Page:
Late at night, I pulled into my driveway and saw that somebody was standing out on my landlord’s side porch, working the grill.  I had just gotten back from a three-week sojourn in my favorite city.  Sigh.  “Hey,” I called out.  I didn’t usually talk to this guy much.  He worked for my landlord, handyman stuff.  He knew my name, and I had forgotten his, which made me feel like an ass.  He also rings my bell when I left the top down on my convertible, which never fails to awaken me from a sound sleep.

“Lizbeth!” he-whose-name-I’d-forgotten called back.  “How you doin?”  “Good,” I said.  “You want a drink?”  I shook my head.  “No, thanks, I’m done for the night.”  Mr. Someone and my landlord were celebrating Someone’s birthday, he told me.  He revealed his age, and I reacted with honest surprise.  “No way!”

“Yeah.  And guess what, you wouldn’t believe who I met tonight!”  “Who?” I said.  I was feeling a bit better, getting interested in someone else’s story.  “Emmanuel Cleaver!  You know, the mayor, our guy in Congress now.”  “Wow!” I said.  “I had had a few drinks, but I think I presented myself well, and he was so kind.  I even asked him if he knew my dad—my dad’s been gone two years, but I thought they might have known each other, and he did!  I was so honored.”  “That’s really cool,” I said.  I haven’t run into Cleaver before, except at a political rally where I expected he would be perched on the dais.  We do have a street named after the man, though, and I drive down it almost every day.

On my recent trip, I was six feet from Bernadette Peters, Stockard Channing, and Elaine Stritch.  They were walking the gauntlet outside the theater and slipping into large black cars.  Bernadette Peters was the amazing one for me—I was one degree from Sondheim!

More thrilling, though, were the stories I heard from the leader of a writing program I love, and a former violinist for the Metropolitan Opera.  A guy who sat in the pit, making the show start, right below where I’d squeezed my friend’s hand seeing “La Boheme” for the first time.  And a woman who wound up the gears for a wonderfully reasonable way of improving the teaching of writing, which relies on the wisdom of individuals and dialogue, rather than programs and formulas.  It still ticks.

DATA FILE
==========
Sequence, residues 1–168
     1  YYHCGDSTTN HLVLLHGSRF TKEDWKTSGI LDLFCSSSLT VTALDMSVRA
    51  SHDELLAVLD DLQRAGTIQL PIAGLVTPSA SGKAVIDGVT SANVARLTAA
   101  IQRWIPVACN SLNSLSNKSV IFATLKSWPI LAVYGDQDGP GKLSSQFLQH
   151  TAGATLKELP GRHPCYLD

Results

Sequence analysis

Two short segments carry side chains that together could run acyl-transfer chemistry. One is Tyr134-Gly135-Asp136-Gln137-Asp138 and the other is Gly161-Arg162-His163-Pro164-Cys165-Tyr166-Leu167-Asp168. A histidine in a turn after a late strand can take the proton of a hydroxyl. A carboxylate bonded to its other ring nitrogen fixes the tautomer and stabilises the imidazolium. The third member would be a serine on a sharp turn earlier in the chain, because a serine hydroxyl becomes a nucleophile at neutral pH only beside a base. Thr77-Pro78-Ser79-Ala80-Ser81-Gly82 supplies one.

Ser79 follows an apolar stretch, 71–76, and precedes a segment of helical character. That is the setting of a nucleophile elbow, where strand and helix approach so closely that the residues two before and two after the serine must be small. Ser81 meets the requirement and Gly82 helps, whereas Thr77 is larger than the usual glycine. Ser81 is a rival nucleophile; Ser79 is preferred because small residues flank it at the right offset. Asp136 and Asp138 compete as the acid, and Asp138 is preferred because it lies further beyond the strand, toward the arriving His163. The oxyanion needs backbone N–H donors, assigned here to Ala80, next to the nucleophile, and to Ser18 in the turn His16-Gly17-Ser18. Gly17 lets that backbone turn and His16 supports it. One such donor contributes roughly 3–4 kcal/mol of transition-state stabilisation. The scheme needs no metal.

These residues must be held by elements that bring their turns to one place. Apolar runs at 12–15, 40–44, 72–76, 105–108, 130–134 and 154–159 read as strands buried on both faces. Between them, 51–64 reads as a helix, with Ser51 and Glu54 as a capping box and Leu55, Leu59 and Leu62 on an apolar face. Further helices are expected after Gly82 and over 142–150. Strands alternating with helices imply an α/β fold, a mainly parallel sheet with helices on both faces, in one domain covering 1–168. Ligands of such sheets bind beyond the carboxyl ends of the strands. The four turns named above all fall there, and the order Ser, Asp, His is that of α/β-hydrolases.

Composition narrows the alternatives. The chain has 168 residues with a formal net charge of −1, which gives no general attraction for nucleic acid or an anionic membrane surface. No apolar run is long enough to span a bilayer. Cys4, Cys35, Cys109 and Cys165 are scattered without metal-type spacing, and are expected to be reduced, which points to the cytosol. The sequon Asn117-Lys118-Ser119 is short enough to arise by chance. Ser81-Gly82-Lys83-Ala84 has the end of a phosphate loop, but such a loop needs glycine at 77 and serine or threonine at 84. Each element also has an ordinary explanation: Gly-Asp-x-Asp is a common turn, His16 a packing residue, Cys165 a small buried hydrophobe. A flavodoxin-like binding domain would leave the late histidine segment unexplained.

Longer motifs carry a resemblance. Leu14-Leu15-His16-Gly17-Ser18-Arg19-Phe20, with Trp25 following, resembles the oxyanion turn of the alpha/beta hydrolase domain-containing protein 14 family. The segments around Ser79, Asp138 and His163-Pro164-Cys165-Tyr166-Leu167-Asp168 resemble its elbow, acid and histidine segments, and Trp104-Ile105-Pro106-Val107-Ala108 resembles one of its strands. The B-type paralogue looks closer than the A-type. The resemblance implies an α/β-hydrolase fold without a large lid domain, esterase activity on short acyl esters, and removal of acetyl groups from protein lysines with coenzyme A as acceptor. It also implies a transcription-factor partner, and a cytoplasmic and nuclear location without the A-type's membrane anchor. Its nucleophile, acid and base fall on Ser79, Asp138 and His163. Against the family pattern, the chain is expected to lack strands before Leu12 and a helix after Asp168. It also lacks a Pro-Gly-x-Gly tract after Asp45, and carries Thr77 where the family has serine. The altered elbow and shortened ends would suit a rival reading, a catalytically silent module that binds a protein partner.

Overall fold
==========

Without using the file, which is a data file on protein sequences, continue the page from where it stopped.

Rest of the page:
I got to talk to each of these people over meals, over wine and emptying dishes.  “How did it start?”  I asked.  “How did you get funding?”  “What’s your favorite opera to play?”  I asked.  “Did you play at the old opera house?”  I realized only afterward that I have spent a lot of time in the company of history, but not much of it was living.  On a sailboat, just off Manhattan, I had imagined Melville.  The Brooklyn Bridge reminds me of Whitman on a ferry.  In art museums, I imagine Rothko’s brushstrokes.

The violinist told me he met Rothko and had a drink with him.  Sitting with these stories, across tables with wine and food, asking more questions and begging more life from the anecdotes, was the heart of what people want, celebrity seeking.  History, connections to beauty, emotion, glow.  That’s real glamour, not the cut and pasted cool of the autograph seeker or the dreams of ghosts, lovely though they are.

Here’s the blog of my violinist friend who has, to my great jealousy, had several letters printed in the New York Times:

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